More generally, I think there are some process and communications improvements that can be made at various places in the community. I know that's an incredibly vague statement, but that's all I have for the moment. I intend to follow up in the coming weeks with more concrete points and advice on how to improve things.
In sum: Haskell's an amazing language, which has attracted an amazing community. This discussion doesn't detract from that statement, but rather emphasizes it. Like any group, we can still learn to do a few things better, but we've demonstrated time and again (including right now!) that we have the strength to learn and improve, and I'm certain we'll do so again.
I'm proud to be part of this community, and everyone else should be as well.
Recruit IT are looking for a Senior Developer to join a bleeding edge Big Data organisation in the New Zealand market. You will bring a proven background in big data systems, business intelligence, and/or data warehouse technologies along with a preference for functional programming and open source solutions.
You will be playing an integral part in ensuring the growth and performance of a state of the art Big Data platform. To do this you will need to have a good understanding of the importance of analytics and a variety of Big Data technologies.
Your experience to date will include:
Experience with big data, business intelligence, and data warehouse applications. This will include; Hadoop, Hive, Spring, Pivotal HD, Cloud Foundry, HAWQ, GreenPlum, MongoDB, Cassandra, Hortonworks, Cloudera, MapReduce, Flume, or Scoop to name a few!
Ideally functional programming experience including; Scala, Haskell, Lisp, Python etc
Passion for bleeding edge tech is a MUST!
If you are interested in finding out more, apply online to Kaleb at Recruit IT with your CV and an overview of your current situation.
Get information on how to apply for this position.
Hello, Pretty new to Haskell but just trying to piece things together through sites and articles. However I have yet to find a source that can answer the question of taking user's input and placing it into a list.
import System.Environmentprompt x = do putStrLn x number <- getLine return number main = do let numbersList =  --create a list for all numbers num <- (prompt "Please input a number: ") if ( (read num :: Int) /= 0) then do --valid number numbersList ++ (read num :: Int) --UNSURE HOW TO PUT THE NUMBER INTO THE LIST else do --check for primes print ("done") submitted by DESU-troyer
[link] [21 comments]
The Foldable-Traversable proposal (aka FTP) has spawned a lot of debate in the Haskell community.
Here I want to analyze the specific concern which Ben Moseley raised in his post, FTP dangers.
Ben’s general point is that more polymorphic (specifically, ad-hoc polymorphic, i.e. using type classes) functions are less readable and reliable than their monomorphic counterparts.
On the other hand, Tony Morris and Chris Allen argue on twitter that polymorphic functions are more readable due to parametricity.
Is that true, however? Are the ad-hoc generalized functions more parametric than the monomorphic versions?February 12, 2015 <script async="async" charset="utf-8" src="http://platform.twitter.com/widgets.js"></script>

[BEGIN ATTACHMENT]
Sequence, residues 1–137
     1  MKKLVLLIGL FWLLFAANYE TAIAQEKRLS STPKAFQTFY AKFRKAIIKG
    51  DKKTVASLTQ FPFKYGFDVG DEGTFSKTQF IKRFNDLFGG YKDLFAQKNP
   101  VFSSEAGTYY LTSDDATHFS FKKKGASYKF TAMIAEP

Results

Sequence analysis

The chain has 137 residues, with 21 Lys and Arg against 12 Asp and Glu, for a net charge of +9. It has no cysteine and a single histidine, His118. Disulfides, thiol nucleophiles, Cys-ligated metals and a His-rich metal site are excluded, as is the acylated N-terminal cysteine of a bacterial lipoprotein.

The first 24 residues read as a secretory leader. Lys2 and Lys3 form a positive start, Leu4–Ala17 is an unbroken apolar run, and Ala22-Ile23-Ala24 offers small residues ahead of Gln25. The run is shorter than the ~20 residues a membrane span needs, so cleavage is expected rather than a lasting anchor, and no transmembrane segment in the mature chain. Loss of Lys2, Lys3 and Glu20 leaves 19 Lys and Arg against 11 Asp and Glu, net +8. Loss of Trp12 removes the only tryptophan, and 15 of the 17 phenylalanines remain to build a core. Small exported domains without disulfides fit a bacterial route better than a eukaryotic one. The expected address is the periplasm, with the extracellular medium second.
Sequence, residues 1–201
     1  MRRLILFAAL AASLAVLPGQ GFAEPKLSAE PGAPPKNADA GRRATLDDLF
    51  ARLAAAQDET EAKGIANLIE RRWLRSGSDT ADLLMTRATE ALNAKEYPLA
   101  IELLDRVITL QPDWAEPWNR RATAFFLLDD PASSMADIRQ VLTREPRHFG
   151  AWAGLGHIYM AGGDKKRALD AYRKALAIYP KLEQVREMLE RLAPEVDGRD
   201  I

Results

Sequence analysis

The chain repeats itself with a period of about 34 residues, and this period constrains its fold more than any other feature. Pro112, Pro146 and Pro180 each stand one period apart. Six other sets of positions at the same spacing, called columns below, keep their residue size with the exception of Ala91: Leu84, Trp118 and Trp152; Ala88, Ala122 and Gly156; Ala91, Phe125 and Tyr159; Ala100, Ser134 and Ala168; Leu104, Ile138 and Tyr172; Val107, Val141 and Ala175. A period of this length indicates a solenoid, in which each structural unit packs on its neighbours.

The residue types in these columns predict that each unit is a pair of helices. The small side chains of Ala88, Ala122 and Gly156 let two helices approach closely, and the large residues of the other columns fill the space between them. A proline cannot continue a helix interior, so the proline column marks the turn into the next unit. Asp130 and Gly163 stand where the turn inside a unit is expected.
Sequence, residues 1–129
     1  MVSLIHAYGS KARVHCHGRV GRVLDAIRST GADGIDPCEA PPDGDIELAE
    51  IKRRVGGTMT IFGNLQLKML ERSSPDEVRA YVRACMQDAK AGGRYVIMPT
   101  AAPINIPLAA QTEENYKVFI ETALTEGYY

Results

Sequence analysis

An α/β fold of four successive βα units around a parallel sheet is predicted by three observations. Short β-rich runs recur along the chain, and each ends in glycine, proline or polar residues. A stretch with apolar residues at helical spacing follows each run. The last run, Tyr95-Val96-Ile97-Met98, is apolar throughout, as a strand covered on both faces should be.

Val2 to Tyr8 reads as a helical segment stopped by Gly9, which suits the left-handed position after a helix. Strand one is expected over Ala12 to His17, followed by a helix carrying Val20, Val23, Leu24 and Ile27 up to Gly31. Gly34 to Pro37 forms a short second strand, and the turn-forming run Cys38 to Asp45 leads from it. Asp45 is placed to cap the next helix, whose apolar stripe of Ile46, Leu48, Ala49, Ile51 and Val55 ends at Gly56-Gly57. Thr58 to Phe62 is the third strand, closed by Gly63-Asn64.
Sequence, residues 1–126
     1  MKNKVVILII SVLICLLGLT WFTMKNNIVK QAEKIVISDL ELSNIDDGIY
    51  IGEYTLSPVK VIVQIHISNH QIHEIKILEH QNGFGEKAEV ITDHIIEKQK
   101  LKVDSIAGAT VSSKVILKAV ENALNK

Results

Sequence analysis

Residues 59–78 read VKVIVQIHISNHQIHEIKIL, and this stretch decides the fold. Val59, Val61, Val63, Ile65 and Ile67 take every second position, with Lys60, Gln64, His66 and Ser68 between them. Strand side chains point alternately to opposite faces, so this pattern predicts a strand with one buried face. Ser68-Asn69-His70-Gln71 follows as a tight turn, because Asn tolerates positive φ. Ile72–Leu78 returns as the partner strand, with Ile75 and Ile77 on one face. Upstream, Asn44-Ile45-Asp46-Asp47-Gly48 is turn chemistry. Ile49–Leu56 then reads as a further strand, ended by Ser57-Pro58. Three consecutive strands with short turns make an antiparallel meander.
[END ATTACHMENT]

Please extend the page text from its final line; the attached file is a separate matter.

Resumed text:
Technically, the Functor-based type is more parametric. A function with type (a -> b) -> [a] -> [b] is something like map, except it may drop or duplicate some elements. On the other hand, Functor f => (a -> b) -> f a -> f b has to be fmap.
But this is a trick question! The first thing we see in the code is the function’s name, not its type. What carries more information, map or fmap? (Assuming both come from the current Prelude.) Certainly map. When fmap is instantiated at the list type, it is nothing more than map. When we see fmap, we know that it may or may not be map. When we see map, we know it is map and nothing else.
The paradox is that there are more functions with map’s type than fmap’s, but there are more functions with fmap’s name than map’s. Even though fmap is more parametric, that doesn’t win us much.
Nevertheless, is there a benefit in using more parametric functions in your code? No. If it were true, we’d all be pumping our code with «parametricity» by writing id 3 instead of 3. You can’t get more parametric than id.
Merely using parametric functions doesn’t make code better. Parametricity may pay off when we’re defining polymorphic parametric functions in our code instead of their monomorphic instantiations, since parametric types are more constrained and we’re more likely to get a compile error should we do anything stupid.
(It won’t necessarily pay off; the type variables and constraints do impose a tax on types’ readability.)
But if you have an existing, monomorphic piece of code that works with lists, simply replacing Data.List functions with Data.Foldable ones inside it, ceteris paribus, will not make your code any safer or more readable.
After a recent chat with Simon Meier, we decided that I would take over the maintenance of the exceedingly popular blaze-builder package.
Of course, this package has been largely superseded by the new builder shipped inside bytestring itself. The point of this new release is to offer a smooth migration path from the old to the new.
If you have a package that only uses the public interface of the old blaze-builder, all you should have to do is compile it against blaze-builder-0.4 and you will in fact be using the new builder. If your program fails to compile against the old public interface, or there’s any change in the semantics of your program, then please file a bug against my blaze-builder repository.
If you are looking for a function to convert Blaze.ByteString.Builder.Builder to Data.ByteString.Builder.Builder or back, it is id. These two types are exactly the same, as the former is just a re-export of the latter. Thus inter-operation between code that uses the old interface and the new should be efficient and painless.